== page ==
Vaginal adenosis is a metaplastic proliferation of the endocervix or endometrial epithelium of the vaginal wall or vulva (1). Adenogenesis is benign by itself (2) and is a precancerous lesion of vaginal clear cell adenocarcinoma (CCA) (3, 4). About 90% of women exposed to diethylstilbestrol (DES) during pregnancy have developed vaginal and cervical adenosis (2). Vaginal adenosis due to no contact with DES is one of the rare cases compared to those who have been exposed to DES (5, 6). Vaginal adenosis due to no contact with DES has been reported in 10% of adult women (7). The most common symptoms of vaginal adenosis include abnormal vaginal pain and bleeding (8, 7). The majority of patients undergo Pap smear, biopsy, and examination for cancer (9). Four cases of cancers have been reported with a history of no contact with the DES (9).
In this article, we report two patients with vaginal adenosis with no history of contact with DES.
Patient 1: A 25-year-old single woman with a complaint of vaginal bleeding in April 2016 was referred to the clinic of Ghaem Hospital, Mashhad, Iran. Ultrasound examination showed an endometrial thickness of 4 mm and hormonal evaluation was normal. Although hormonal medications were prescribed, the bleeding continued. After obtaining the patient's consent, a vaginal colposcopy examination was performed, which showed diffuse mucosal rupture in the upper two-third of the vagina, and a biopsy was taken, which reported vaginal adenosis. The patient did not report any history of fetal DES. The patient received supportive treatment and her disease is currently under control (Figure 1).
Figure 1: Sections of the vaginal mucosa with foci of endocervical cystic glands in hematoxylin-eosin staining and magnification of 100
Patient 2: A 35-year-old woman without a history of pregnancy complained of vaginal bleeding and was referred to clinic of Ghaem Hospital, Mashhad, Iran in July 2000. Colposcopy examination of the vagina showed stenosis, deformity, and diffuse mucosal lesion, and a biopsy was taken. As a result of the biopsy, vaginal adenosis was reported. The patient did not report a history of fetal DES. Then, the patient became pregnant and underwent a cesarean section due to vaginal stenosis and deformity. After 10 years, her illness was controlled with supportive treatments and no signs of cancer appeared in the annual examinations.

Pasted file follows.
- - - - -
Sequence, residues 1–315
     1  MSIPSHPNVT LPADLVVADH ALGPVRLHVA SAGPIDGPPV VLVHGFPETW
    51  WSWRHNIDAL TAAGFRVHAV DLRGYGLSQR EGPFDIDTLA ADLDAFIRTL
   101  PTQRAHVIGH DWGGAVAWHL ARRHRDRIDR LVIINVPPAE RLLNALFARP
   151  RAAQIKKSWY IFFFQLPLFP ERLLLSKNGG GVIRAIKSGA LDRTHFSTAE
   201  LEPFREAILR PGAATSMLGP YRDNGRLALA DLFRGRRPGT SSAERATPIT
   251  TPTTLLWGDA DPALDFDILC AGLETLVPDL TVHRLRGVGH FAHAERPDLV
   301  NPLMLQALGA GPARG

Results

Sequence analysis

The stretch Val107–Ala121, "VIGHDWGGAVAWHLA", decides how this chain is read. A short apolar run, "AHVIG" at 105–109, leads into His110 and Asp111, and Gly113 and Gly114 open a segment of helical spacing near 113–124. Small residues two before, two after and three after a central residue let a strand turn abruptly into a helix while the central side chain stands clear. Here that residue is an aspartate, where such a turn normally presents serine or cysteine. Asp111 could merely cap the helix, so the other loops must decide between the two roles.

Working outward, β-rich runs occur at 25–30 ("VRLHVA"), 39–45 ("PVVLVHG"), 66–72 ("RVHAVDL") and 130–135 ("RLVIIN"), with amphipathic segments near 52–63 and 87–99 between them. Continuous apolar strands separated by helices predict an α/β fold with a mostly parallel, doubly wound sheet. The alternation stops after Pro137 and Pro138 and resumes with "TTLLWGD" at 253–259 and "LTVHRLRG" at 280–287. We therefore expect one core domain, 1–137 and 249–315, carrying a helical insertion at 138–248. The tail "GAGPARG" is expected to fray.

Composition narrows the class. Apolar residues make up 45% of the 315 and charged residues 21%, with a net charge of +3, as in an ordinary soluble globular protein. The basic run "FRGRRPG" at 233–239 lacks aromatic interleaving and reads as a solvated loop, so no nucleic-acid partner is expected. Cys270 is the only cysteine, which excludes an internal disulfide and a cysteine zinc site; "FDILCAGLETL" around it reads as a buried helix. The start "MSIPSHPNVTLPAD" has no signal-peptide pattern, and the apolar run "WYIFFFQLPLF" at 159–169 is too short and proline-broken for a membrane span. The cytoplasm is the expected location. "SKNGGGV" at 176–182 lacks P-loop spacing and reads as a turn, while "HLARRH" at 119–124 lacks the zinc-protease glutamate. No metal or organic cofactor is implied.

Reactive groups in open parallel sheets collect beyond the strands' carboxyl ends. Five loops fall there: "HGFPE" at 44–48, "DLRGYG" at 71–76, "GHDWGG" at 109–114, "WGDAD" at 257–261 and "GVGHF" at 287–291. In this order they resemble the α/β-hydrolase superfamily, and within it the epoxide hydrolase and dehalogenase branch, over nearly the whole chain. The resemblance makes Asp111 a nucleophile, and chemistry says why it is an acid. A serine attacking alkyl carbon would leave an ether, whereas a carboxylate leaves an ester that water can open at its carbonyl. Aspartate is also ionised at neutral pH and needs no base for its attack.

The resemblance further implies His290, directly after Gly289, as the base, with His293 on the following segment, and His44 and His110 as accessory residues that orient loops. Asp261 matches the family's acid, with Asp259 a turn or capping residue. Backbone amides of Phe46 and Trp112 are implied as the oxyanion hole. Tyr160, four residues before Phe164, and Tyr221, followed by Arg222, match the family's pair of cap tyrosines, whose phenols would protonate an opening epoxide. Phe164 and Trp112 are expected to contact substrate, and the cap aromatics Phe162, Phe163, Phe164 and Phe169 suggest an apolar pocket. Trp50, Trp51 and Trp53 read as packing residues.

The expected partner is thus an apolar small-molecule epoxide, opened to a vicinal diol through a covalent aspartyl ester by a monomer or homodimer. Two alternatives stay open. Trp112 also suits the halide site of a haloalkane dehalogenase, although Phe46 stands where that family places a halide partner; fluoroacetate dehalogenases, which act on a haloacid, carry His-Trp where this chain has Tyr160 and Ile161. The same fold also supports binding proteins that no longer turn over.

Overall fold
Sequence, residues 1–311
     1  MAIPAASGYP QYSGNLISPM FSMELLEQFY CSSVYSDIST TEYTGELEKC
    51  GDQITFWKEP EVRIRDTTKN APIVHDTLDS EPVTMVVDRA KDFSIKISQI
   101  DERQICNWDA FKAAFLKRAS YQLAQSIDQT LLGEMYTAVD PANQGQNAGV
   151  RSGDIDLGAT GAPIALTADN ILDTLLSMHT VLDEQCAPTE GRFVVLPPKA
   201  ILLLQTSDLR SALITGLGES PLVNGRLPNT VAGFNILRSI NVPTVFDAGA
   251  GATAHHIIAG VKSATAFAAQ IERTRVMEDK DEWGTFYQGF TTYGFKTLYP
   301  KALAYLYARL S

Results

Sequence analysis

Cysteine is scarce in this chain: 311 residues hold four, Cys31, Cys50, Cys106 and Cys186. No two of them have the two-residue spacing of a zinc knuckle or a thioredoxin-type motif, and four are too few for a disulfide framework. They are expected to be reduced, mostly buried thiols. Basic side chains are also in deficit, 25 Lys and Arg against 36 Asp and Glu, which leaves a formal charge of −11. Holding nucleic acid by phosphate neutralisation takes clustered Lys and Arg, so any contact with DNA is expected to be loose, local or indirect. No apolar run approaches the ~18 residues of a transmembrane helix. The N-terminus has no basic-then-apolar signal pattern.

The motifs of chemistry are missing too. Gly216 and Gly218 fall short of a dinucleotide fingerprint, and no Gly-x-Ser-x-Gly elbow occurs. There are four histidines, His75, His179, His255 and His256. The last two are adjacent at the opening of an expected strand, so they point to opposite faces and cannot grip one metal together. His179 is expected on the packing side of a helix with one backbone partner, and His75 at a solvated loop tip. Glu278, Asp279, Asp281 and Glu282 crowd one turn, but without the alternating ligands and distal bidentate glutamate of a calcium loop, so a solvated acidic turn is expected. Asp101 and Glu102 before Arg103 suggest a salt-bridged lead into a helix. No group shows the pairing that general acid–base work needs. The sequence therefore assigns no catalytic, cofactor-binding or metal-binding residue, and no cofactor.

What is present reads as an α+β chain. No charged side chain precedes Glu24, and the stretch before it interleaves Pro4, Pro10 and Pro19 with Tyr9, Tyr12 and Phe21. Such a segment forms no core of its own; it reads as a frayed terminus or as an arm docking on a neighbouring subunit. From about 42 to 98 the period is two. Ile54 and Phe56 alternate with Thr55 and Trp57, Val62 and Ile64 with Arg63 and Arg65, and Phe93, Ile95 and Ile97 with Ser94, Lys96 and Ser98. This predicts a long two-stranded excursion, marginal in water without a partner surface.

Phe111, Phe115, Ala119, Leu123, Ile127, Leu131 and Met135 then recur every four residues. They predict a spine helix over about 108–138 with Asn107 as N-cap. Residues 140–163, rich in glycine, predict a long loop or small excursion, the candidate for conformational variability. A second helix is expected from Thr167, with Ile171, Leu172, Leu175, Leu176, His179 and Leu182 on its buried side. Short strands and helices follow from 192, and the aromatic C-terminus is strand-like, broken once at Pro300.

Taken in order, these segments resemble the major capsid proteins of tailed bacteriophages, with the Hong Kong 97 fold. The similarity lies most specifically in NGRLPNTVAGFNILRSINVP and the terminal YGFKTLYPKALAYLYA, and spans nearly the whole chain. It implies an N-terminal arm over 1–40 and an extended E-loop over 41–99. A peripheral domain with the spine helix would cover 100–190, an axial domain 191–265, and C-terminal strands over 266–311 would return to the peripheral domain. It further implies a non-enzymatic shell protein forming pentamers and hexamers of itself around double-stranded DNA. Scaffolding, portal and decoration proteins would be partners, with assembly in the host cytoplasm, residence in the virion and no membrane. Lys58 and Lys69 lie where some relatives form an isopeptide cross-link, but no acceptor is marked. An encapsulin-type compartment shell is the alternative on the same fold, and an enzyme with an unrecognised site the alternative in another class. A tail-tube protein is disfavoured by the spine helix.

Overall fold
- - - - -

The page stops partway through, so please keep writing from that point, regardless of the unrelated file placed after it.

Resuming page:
The patients reported in this article were two vaginal adenosis cases without a history of DES exposure and no symptoms of vaginal cancer.
Most cases of vaginal adenosis have been reported in women who have been in contact with DES during their embryonic period and cases of no contact with DES are rare (5, 6). The most common symptoms of vaginal adenosis are vaginal pain and abnormal bleeding (7, 8).
In both patients, there was no history of contact with DES during embryonic period and vaginal bleeding was persistent despite drug treatment. No evidence of cancer was found in the patients.
To date, four types of cancers have been reported in cases without prenatal diethylstilbestrol exposure; however, our cases received supportive treatment and are being followed up without cancer symptoms (9, 10, 11, 12).
One case of cancer following vaginal adenosis was a 39-year-old woman who presented intermittent vaginal pain, dyspareunia, and vaginal bleeding for 20 years. The patient took topical treatment, and a vaginal biopsy was taken due to no improvement in symptoms. In pathology, atypical vaginal adenosis was reported. The patient received Sirolimus treatment but the symptoms and vaginal cytology remained abnormal. Thus, the patient underwent hysterectomy with bilateral removal of the fallopian tubes and removal of the vaginal lesion. After two years of follow-up, a biopsy was taken, which confirmed clear cell carcinoma (CCC), and the patient underwent chemoradiotherapy. After 16 months of follow-up, there was no evidence of recurrence (9).
Overall, according to the obtained results, it may be concluded that using oxytocin drip during hysteroscopy in patients with intrauterine lesions would have no effect on operative blood loss and fluid overload. However, further studies, with larger sample size and modification of confounding factors, are required to obtain more definite results. Also, evaluating other therapeutics is suggested in order to reduce blood loss during hysteroscopy.
The authors thank all those who helped them writing this article.
Conflicts of Interest
Authors declared no conflict of interests.